Critical Essays Archive
The stories in a new anthology edited by Viet Thanh Nguyen speak not only of estrangements from languages, loved ones, and countries of origin, but also of the pain of being in a new place that is not always accepting.
If there is an equivalent of the artist’s statement in poetry, it’s the ars poetica. Latin for “the art of poetry,” the ars poetica shows up as early as Horace, in 19 BC, and most poets since, it seems, have written at least one.
The nature of the census changes continually—it is at points a mechanism of state surveillance, a quest for self-knowledge, an act of community, a measure of goodness, an exchange, a gift.
Throughout "The Lazy River" Smith uses the second person and first person plural to create a
community on the page, not unlike the ones we flock to online. She establishes from the
beginning that we, as readers, will be a part of the narrative and complicit in the action
Since the inception of National Poetry Month in 1996, people around the world have spent every April celebrating poetry.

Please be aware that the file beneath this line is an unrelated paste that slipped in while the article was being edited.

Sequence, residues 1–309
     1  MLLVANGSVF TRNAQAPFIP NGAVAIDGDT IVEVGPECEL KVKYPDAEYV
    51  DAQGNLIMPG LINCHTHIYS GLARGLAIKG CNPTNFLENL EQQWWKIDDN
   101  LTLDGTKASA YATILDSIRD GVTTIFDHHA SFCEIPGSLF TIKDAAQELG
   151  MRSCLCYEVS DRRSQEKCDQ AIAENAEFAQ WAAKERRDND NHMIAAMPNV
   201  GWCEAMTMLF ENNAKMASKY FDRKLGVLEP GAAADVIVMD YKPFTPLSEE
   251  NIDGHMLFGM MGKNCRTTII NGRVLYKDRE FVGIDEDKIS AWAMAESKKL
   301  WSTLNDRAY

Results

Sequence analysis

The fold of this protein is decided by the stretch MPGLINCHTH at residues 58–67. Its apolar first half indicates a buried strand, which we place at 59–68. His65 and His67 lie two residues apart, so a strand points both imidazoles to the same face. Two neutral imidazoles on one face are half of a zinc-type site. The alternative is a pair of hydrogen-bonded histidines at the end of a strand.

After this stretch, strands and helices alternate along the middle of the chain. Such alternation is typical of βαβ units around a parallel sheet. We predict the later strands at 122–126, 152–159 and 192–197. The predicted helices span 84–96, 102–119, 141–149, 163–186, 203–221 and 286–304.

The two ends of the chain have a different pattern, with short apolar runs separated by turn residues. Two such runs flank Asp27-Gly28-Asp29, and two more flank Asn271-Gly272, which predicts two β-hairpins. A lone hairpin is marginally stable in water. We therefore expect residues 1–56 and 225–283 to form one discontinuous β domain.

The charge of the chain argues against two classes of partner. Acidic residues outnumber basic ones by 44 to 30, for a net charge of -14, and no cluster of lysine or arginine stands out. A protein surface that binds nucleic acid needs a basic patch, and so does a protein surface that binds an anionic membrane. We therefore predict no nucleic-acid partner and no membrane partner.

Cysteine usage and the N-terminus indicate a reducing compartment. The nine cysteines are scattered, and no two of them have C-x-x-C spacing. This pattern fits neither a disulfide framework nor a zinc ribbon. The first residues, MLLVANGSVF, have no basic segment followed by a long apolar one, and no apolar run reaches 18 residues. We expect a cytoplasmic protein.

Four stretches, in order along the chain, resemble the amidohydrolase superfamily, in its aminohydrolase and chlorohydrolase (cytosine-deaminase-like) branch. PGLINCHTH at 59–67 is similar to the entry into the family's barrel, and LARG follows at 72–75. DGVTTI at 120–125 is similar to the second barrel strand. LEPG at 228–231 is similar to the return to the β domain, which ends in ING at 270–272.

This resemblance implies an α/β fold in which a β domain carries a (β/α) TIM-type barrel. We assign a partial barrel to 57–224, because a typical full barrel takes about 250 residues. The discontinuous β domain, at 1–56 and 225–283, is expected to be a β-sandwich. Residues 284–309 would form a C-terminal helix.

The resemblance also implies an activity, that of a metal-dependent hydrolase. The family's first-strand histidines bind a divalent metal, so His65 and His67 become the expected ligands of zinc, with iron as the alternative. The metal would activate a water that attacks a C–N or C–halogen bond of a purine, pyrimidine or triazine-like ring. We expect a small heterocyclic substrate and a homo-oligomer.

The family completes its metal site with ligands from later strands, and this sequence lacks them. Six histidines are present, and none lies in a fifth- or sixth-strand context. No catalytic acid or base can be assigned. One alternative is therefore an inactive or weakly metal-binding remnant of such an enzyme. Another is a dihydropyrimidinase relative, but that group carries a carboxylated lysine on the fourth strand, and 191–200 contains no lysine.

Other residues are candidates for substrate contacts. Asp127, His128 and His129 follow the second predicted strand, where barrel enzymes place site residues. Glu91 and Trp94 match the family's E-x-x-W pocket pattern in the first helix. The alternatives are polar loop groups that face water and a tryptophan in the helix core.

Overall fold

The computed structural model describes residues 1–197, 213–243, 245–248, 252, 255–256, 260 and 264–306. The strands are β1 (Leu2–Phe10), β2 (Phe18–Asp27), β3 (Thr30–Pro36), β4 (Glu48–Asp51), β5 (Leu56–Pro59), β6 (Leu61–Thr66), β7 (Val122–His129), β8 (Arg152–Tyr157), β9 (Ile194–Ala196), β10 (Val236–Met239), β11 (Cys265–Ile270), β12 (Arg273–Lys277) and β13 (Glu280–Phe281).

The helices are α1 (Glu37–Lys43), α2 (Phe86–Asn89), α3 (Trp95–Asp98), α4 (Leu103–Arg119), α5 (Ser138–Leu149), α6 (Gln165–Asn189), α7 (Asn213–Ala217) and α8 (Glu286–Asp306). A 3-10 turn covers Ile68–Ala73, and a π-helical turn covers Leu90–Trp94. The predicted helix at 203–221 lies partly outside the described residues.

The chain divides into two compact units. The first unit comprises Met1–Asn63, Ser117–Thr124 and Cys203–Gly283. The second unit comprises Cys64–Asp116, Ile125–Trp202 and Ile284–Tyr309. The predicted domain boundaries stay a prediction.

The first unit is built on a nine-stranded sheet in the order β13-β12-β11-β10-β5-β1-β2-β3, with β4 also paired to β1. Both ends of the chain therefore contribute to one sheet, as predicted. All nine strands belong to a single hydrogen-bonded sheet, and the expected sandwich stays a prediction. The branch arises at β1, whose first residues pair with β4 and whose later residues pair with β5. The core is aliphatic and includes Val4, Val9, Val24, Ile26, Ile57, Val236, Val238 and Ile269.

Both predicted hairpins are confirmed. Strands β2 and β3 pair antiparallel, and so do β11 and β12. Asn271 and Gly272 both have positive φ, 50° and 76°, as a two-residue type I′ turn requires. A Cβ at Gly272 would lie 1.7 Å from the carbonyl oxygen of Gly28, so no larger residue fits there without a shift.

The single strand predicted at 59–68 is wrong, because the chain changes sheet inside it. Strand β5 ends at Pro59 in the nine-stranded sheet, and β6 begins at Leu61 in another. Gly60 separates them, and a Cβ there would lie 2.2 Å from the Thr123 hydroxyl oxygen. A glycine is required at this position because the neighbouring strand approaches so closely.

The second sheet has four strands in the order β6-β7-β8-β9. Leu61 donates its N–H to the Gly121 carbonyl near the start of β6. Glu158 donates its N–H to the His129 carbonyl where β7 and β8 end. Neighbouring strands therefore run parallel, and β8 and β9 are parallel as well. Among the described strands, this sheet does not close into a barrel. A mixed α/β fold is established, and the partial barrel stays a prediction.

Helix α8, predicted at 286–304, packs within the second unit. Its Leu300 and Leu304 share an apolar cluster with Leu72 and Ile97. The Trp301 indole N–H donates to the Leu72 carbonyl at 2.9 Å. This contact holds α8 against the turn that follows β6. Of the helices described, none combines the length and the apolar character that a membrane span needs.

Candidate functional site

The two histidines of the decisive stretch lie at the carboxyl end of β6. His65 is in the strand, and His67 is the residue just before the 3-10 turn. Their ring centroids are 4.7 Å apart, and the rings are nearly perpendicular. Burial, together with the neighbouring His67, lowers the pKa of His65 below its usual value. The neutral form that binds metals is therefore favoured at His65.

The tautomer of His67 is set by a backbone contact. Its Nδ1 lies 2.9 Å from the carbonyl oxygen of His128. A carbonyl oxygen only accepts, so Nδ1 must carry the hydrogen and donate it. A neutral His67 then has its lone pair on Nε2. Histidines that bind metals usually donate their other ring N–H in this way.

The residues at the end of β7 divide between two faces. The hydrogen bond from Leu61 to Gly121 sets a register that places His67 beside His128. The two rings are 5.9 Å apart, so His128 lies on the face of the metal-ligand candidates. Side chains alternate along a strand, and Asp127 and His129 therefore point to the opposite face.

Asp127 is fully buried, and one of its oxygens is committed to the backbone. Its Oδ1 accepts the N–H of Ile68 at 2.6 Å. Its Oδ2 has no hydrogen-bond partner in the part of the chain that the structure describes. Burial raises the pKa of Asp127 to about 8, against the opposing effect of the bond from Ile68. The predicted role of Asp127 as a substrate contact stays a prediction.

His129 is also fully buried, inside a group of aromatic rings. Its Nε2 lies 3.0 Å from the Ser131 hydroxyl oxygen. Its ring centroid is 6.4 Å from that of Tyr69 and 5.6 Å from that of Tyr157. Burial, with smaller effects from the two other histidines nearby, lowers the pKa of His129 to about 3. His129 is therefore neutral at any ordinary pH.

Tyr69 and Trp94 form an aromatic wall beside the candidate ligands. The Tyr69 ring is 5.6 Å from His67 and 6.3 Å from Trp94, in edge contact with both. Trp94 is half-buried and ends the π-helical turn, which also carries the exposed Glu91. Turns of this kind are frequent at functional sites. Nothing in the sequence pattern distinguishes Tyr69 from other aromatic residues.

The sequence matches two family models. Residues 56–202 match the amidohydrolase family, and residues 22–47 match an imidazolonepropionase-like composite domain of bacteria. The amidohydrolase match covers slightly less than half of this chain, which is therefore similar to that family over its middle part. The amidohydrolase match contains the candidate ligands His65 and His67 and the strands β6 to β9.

I’ve often resisted writing about the place I was born. To write about birthplace is to open one’s writing up to a number of potential pitfalls. We feel strongly about the places we come from, and often for uninteresting, arbitrary, or vaguely narcissistic reasons.
Although employment has been on the rise for several years, jobs that are available are often low wage or part time. And people still are losing work altogether: factory worker unemployment has been an issue for decades—especially in the Great Lakes region.
Magi Otsri's new book is an intoxicating exploration of women between the ages of twenty and fifty, the ways they see the world and build it with every choice they make, and the different ways in which they bleed.
Last year, Julie Maroh published another graphic novel, Body Music, a series of short vignettes about people and their love stories. It takes place in Montreal, starting July 1st – the day when people usually move out or in – and spans one year, coming back full circle.
Recent years have seen a proliferation of feminist writers who are taking up questions about language, spectatorship, and the orders of power implicit in the gaze. More now than ever, poets are telling us where to look, as well as refusing, restructuring, and renegotiating the terms of the gaze.